« Young worker's dilemma | Main | MERRY CHRISTMAS FROM NEWCASTLE AUSTRALIA »

December 20, 2003



Free will is the choice we make as humans to live a godly life. God's will is whatever George W. Bush (or one of his cronies/masters) says it is.

My two pesetas (gone, now, into the past, replaced by this strange thing called the Euro...).


Hm. I've never seen the two compared like that. From the little philosophy I've read, it seems that there are several logical arguments given for why free will is actually an illusion. But I don't remember what they are. It is also mainly a western concept.

A related question is whether God himself has free will. Does he do good by choice, or is he by nature incapable of evil acts?


Having a too-Catholic background, I can only tell you what I've been taught. "God's will" is entirely a mystery. We can't know what is planned by the divine or why, which lets him totally off the hook, if you ask me. "Free will" refers to people and our penchant for choosing to sin rather than live the ways that God and Christ have told us to, but if you read the bible, you get a lot of contradictory instructions. I'm pretty sure I can sell my eldest into slavery, according to Leviticus.


Wow. I'd be curious about the context from which this question arises. Of course, to answer such a question in a comment box insures its trivialization. And any attempts are doomed to be mere fragments of a fuller answer. And I am not capable of even the fragment, but will venture where fools fear to tread… as is my habit. Coming from a Protestant pedigree, my understanding in nugget form is this:

God should be understood to show two aspects of his omnipotent will (that unlike ours, is not limited by "natural" laws that he himself created so there could be a material universe): He has a directive will: Let there be… and there was. His directive will has set the larger story of history, and in the end, His will will be done on Earth as it is in heaven… which by and large is not the case in our times, because…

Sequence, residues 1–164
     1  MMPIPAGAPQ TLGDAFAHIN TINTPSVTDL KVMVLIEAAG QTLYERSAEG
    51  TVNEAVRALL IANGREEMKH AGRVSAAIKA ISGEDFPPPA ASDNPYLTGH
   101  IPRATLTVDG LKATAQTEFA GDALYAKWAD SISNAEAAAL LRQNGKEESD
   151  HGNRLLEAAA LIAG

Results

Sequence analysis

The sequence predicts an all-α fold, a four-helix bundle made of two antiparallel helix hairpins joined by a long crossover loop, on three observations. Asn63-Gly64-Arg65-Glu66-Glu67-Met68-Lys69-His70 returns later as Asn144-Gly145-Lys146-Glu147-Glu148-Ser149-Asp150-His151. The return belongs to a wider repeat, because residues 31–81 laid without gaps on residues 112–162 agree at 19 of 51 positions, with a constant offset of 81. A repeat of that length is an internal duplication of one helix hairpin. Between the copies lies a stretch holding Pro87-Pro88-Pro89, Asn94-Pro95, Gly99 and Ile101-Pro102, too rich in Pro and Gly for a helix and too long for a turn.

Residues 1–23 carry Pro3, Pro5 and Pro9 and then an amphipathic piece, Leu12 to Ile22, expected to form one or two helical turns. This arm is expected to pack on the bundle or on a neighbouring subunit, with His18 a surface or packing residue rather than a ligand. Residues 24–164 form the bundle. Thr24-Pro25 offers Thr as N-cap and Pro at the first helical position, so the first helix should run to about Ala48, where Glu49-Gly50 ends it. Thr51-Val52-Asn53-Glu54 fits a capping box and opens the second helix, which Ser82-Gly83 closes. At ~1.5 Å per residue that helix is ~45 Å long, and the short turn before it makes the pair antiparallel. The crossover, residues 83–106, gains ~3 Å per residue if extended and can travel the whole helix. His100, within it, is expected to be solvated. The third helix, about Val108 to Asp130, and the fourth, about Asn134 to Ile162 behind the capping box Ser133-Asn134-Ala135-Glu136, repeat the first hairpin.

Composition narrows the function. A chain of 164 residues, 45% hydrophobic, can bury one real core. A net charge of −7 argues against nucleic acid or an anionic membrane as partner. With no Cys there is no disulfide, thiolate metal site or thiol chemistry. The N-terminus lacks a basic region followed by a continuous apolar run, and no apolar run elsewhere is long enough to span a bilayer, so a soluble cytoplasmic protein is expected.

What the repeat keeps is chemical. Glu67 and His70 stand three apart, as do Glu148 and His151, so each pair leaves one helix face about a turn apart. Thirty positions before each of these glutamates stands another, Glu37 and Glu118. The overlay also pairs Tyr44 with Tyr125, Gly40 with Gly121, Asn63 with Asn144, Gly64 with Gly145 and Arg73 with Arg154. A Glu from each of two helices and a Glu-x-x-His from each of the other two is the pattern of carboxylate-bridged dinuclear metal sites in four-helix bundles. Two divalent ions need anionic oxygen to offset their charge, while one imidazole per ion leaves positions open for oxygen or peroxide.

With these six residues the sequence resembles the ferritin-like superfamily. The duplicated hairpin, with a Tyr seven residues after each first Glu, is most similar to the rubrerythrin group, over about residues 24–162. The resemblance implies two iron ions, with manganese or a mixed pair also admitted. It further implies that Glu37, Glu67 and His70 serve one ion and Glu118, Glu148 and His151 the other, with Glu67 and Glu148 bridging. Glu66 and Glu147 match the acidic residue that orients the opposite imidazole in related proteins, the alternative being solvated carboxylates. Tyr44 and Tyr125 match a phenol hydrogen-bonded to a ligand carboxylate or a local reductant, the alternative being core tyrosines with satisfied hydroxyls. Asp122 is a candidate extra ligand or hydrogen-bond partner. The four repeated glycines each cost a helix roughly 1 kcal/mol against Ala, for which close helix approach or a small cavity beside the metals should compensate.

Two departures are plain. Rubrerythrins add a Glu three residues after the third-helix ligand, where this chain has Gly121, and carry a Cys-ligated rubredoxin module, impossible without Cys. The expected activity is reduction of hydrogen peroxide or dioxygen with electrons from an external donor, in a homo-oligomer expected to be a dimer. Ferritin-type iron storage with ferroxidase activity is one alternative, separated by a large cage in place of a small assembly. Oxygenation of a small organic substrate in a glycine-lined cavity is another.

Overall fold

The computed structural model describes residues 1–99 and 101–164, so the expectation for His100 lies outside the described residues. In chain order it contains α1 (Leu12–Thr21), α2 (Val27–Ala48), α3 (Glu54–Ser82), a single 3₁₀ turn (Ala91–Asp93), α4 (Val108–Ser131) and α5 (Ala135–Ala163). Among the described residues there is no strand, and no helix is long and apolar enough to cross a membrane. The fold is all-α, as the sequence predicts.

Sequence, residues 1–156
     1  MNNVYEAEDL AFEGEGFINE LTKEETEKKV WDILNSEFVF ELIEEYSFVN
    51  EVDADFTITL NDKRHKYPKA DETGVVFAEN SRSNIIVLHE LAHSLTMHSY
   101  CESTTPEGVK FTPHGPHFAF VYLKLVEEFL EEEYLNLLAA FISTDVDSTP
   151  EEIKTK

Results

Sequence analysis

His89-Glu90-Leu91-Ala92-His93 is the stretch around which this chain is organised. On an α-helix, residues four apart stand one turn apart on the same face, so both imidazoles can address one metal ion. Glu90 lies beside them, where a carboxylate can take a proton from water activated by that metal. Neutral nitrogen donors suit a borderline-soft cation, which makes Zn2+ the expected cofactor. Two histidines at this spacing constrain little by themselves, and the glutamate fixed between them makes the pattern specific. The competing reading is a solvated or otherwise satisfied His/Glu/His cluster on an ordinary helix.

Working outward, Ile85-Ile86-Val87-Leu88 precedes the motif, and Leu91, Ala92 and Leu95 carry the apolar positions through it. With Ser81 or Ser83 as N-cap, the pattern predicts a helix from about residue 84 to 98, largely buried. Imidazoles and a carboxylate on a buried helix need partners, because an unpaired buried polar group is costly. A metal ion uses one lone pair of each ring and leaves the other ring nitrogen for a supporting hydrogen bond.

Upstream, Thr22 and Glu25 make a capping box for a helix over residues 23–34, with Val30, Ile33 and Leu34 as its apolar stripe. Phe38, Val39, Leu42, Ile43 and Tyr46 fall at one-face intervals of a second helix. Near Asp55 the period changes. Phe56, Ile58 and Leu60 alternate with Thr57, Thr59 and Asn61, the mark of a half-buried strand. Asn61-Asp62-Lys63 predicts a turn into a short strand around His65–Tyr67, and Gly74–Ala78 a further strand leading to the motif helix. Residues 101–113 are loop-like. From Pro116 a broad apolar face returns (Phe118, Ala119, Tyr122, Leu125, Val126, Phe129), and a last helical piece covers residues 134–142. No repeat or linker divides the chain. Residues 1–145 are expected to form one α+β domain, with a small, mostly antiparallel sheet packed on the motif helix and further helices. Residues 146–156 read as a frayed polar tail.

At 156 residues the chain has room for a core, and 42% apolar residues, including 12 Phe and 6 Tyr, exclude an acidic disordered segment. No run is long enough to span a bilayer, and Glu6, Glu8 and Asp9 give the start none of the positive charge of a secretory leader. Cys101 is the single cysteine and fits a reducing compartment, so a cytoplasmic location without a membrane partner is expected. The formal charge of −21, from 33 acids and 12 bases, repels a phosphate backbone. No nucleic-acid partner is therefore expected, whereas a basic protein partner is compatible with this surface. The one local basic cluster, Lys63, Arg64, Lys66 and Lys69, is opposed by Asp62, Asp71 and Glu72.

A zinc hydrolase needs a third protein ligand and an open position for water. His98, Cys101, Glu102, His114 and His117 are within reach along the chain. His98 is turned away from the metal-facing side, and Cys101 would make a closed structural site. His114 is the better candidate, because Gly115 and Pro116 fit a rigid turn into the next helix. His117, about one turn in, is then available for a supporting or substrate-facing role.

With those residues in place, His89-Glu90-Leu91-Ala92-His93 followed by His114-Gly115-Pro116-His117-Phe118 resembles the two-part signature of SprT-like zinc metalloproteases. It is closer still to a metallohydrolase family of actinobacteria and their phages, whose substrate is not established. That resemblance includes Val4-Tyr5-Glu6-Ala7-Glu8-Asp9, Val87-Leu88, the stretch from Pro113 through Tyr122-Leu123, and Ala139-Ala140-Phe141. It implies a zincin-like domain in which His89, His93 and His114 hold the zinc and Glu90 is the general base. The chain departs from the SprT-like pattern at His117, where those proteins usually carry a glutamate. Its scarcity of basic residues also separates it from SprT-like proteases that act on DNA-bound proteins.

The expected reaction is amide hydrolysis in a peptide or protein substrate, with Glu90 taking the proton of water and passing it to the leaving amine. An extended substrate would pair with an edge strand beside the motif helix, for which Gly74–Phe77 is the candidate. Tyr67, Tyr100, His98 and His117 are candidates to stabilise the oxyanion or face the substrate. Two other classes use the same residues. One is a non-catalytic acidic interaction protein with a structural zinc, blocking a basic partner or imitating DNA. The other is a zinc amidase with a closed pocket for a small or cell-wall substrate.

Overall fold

He also manifests a permissive will. Time and time again in the OT he says to the people of Israel "this day, I have set before you A and B. If you do A you will live and prosper." Typically, they chose B instead, as did many individuals whose stories we read there. In the NT, we learn more about "natural man" whose will is fallen and "carnal", keeping us from coming into God's full fellowship. The gospel account tells how, through the redemptive work of Christ, the old man (and old will) can be redeemed (bought back) and replaced by a new one that is (to a degree dependent on the strength of our trust in him, our faith) aligned with God's will--mortifying the "old man's" violent, selfish, fleshly will, seeking "thy will, not my will be done".

Man is a free moral agent (has 'free will') to chose between serving self, others and God. God has chosen to allow us to operate in a world of choice rather than hardwiring us to do good, honor him, and make the right decisions because there is nothing else we can do. God's will is totally free, including the choice to place some time constraints on the working out of his Plan, and including his choice to give us the power to chose (in this way being "like" God). Man is not totally free, being under the rules of nature (gravity, entropy, and such) and having intrinsic limits (genetics, brain chemisty) and extrinsic limits (human laws) that constrain our will from being fully manifested.